How Canadian Imperial Bank Takes Advantage of Switching Costs

How Switching Costs Help Create Moats PART 5 OF 6

VanEck

Canadian Imperial Bank of Commerce (CM CN) is the fifth largest bank in Canada and boasts 11 million clients. CIBC’s business spans retail and business banking, wealth management, and capital markets, and is more domestically Canada-focused than some of its global peers. Morningstar gives CIBC a “narrow economic moat” rating because the bank is not the leader for Canadian banking operations, which limits some of its cost advantages. Morningstar believes that bank moats are typically derived from cash advantages and switching costs: “We think switching costs in the Canadian system are driven by a tightly regulated oligopolistic market structure that limits excess competition, stabilizing product pricing, and giving customers less incentive to switch banks.”

Market Realist

How CIBC gained a competitive edge

Canadian Imperial Bank of Commerce (CM), also known as CIBC, through its retail and business banking, wealth management, and capital markets business units, operates as a diversified financial institution in Canada and internationally. CIBC is a part of the “Big Five” banks that dominate the banking industry in Canada. The other four players are Royal Bank of Canada (RY), Toronto-Dominion Bank (TD), The Bank of Nova Scotia (BNS), and the Bank of Montreal (BMO).

Strict regulations and lending standards in the banking industry have set up an oligopoly in Canada, so there is limited competition in the banking sector with less threat of new entrants and the “Big Five” banks capturing most of the market. In an oligopoly market structure, switching costs are higher for consumers and have helped CIBC obtain a narrow economic moat (MOTI).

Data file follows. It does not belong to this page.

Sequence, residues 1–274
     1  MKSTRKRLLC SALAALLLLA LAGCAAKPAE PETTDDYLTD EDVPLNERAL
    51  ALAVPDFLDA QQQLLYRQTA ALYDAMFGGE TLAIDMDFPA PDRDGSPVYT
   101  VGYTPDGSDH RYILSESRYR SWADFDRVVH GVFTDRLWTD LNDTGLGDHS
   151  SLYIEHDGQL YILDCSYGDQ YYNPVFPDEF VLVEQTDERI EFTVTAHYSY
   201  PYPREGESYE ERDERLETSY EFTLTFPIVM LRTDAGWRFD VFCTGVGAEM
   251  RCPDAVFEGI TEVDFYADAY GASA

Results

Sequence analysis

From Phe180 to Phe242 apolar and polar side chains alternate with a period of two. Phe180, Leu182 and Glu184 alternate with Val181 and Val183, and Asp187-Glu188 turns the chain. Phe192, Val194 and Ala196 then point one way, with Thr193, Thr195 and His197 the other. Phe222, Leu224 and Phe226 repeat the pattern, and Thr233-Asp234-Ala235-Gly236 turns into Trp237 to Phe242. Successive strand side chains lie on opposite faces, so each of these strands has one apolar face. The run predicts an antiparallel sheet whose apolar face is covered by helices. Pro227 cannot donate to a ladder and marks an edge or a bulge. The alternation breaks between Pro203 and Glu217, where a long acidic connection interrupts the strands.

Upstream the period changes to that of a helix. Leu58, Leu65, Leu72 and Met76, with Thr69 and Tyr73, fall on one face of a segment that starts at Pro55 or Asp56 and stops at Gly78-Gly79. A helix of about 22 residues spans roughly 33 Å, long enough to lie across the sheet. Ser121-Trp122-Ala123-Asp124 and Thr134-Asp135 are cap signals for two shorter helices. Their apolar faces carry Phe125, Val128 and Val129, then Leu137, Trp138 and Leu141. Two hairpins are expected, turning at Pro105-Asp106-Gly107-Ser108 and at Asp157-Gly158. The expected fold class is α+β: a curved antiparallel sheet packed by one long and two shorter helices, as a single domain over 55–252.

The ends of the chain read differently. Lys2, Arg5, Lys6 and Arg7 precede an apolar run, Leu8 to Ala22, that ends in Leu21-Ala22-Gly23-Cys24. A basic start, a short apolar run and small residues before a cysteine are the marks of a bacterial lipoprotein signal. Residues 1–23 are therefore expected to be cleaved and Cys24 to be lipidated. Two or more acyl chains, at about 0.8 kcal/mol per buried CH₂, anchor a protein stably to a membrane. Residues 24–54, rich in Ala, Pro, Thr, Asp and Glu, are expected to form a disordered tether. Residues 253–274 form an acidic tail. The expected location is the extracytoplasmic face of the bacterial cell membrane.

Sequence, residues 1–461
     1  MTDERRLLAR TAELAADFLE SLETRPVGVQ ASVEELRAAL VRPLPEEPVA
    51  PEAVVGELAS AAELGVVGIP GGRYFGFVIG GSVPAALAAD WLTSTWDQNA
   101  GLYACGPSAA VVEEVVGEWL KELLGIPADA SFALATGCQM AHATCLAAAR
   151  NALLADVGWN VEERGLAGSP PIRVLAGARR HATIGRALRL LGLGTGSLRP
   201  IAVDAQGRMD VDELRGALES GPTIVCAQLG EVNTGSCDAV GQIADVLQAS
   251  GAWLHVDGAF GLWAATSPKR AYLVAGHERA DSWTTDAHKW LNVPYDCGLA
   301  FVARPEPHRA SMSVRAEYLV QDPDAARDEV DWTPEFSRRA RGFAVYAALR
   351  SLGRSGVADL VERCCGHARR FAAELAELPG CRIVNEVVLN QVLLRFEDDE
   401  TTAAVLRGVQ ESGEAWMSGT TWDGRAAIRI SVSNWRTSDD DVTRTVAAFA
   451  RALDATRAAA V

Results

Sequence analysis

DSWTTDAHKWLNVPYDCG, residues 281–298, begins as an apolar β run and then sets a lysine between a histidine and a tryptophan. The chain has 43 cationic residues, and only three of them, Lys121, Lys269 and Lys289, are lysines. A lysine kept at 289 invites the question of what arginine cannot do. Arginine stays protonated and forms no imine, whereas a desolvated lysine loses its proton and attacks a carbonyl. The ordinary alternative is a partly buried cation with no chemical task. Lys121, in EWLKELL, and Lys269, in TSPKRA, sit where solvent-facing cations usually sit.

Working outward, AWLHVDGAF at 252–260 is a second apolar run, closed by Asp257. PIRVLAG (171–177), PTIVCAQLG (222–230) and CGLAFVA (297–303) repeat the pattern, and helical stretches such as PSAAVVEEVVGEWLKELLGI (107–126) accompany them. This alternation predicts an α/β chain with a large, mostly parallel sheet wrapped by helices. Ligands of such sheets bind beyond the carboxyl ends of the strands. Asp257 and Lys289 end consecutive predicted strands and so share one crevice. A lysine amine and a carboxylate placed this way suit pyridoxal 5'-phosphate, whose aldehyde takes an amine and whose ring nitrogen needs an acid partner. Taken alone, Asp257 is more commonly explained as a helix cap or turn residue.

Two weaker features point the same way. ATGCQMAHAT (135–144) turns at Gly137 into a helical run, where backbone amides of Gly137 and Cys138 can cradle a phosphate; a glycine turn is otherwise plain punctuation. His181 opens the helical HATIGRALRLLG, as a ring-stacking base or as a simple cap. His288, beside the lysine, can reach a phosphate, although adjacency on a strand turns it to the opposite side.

Unlike the other four major Canadian banks, CIBC’s exposure is more limited to Canada. However, because of the oligopoly market structure, the company has managed to build a competitive edge for itself while growing revenue and earnings. The chart above shows CIBC’s strengthening return on equity (or ROE) and its net profit margin.  The company’s current ROE is 17.3%, compared to its five-year average of 20.8%. Meanwhile, its net profit margin of 26.8% is higher than its five-year average of 21.6%. The company’s revenue growth has also been robust over the years.

With its blistering growth potential and competitive advantage, CIBC has managed to reward shareholders with consistent dividend payment over the years. To further establish its footprint internationally and grow its earnings, the company acquired Atlantic Trust Private Wealth Management for $210 million last year. In 2017, CIBC acquired PrivateBancorp for $5 billion. The company also plans to buy Geneva Advisors, a wealth management firm based in Chicago, by its fiscal 4Q17.

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